Every single time I think that this series is going to do something just a little bit different it disappoints me. Maybe that’s overstating things – I’m actually thrilled that it hasn’t given in to the “Oh no, a girl with the guy! Hit him!” trope, and the start of this episode continues that trend very nicely. I’m not sure I can recall the last time I saw a harem member claim the blame for walking in on the male lead, but that’s precisely what Sara does while the rest of the ladies are all freaking out over the naked woman in Rio’s bed. And she’s even right; walking in without knocking is generally not a great thing to do if someone’s got their door closed, so if they saw something they didn’t want to, that’s on them.
But aside from that bit of genre-defying consistency, Seirei Gensouki still likes to take the easy way out. Specifically, I’m talking about Aishia being the spirit contracted to Rio/Haruto. Looking at the way the whole thing was initially phrased some weeks ago, plus the abrupt manner in which Rio regained his memories, it really could have been that Haruto was the piggybacking spirit within Rio. That would have been rather more interesting than the reveal that it was Aishia all along, not only because the latter is so much more pedestrian, but also because, apart from being a spirit with messy bedhead, there’s really nothing at all interesting about Aishia. The writing deciding to make her amnesiac is certainly a factor, but even more than that, it somehow decided that “amnesia” also meant “no emotions whatsoever.” Aishia doesn’t even have a personality to call her own; her entire being appears to be made up of the fact that she’s a spirit who knows everything about Rio. Not only does this make her the least inventive of all of the many aspirants for Rio’s harem, it also makes her more tool than character. At least Latifa and Sayo have agency, even if they mostly use it to try to endear themselves to our increasingly bland male lead. Aishia’s just sort of there.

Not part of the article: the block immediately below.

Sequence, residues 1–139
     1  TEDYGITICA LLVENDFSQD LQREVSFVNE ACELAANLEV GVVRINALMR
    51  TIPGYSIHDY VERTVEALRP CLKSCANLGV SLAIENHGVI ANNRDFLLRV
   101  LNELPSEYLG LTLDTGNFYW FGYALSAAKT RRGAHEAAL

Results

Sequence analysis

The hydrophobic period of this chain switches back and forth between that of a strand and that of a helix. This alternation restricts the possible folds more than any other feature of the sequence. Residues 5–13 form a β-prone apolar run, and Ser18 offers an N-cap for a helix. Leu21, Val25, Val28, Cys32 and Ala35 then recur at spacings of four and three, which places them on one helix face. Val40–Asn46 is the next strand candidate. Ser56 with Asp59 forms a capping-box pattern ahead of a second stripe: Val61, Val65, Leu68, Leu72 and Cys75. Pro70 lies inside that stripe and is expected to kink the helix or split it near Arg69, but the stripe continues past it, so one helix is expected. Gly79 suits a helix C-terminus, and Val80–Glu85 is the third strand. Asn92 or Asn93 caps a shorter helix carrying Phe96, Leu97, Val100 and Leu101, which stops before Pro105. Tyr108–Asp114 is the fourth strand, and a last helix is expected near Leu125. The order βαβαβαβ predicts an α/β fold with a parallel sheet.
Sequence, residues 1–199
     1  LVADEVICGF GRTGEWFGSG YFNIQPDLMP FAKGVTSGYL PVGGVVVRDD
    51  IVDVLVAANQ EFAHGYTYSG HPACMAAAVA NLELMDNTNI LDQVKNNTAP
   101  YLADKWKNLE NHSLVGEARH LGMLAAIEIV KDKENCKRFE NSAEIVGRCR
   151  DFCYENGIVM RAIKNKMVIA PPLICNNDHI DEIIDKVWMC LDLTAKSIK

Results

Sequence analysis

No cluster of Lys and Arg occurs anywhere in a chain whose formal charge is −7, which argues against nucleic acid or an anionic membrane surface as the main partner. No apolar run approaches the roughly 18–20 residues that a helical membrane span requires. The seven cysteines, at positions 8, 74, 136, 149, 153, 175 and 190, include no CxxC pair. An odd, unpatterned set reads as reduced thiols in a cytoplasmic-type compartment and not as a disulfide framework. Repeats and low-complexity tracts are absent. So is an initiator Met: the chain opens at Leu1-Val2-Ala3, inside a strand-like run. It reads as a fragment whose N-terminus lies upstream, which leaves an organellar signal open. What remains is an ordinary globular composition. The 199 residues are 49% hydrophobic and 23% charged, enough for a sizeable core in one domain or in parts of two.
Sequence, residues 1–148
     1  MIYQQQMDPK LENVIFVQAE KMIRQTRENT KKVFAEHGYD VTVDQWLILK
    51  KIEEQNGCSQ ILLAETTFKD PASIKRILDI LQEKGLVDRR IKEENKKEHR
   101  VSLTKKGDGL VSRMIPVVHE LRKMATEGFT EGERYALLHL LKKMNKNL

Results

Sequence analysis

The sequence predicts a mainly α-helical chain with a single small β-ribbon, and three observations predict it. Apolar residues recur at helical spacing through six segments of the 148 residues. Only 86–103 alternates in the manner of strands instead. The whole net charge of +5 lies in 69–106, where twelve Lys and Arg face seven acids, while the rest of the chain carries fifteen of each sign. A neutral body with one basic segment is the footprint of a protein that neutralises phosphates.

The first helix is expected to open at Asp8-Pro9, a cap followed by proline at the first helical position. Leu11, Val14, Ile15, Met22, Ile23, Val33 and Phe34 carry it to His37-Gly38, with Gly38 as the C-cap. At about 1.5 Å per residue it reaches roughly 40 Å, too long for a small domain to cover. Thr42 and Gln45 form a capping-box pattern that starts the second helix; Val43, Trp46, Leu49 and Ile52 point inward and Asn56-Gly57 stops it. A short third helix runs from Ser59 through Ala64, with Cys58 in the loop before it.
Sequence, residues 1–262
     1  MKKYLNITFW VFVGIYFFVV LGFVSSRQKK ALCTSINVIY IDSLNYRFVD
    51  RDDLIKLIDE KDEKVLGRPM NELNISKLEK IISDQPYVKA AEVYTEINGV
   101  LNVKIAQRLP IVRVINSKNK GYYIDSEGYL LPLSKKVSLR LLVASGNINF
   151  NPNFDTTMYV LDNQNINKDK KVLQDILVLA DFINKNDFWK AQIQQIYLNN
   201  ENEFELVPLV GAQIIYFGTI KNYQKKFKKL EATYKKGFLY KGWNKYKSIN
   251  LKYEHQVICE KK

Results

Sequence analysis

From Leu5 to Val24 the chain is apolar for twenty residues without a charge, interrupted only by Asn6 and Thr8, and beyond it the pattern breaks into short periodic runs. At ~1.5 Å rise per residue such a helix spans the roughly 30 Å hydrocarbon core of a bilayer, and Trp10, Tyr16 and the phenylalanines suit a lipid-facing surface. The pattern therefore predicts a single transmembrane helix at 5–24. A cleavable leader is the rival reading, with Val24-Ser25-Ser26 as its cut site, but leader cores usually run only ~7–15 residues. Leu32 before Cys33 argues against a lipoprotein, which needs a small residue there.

Of course, this could be another side effect from the speed run approach the adaptation is taking. Aishia’s entrance to the scene is clearly not a good stopping point, and since a couple of others that could have been made to work have already passed, that means that she’s really just a means to an end. Since Celia is on the verge of marrying that twit Charles, hopefully not of her own volition, Aishia must be instrumental in helping Rio to stop the wedding. She’s already proving useful – she can open locked windows by shifting to spirit form and hypnotize people so that Rio can ask them questions without giving his identity away. And as amazing as Rio has been painted to be, stopping a noble wedding is probably beyond his capabilities as a lone wolf.
The question is: why is Celia marrying Charles in the first place? Presumably it’s some sort of political arrangement that she can’t get out of, although that first part of the story didn’t go into how many rights women have in Strahl. She certainly always came off as in charge of herself and able to stand up for what she wants, so there has to be something major forcing her hand, because while she could be a bit flakey, she seems very aware that Charles’ name may as well be Evilly McEvil or something equally subtle. The royal family also appeared less than impressed with his interrogation tactics on young Rio (assuming I’m remembering who he is correctly), so that really says to me that there’s something afoot here.
Or maybe I just want to see that. Hopefully this time I’m not giving the show more credit than it deserves, because if it just turns out that Celia is going along with the wedding for no real reason and that no one realizes that Charles is bad news, I think I might scream.
Seirei Gensouki – Spirit Chronicles is currently streaming on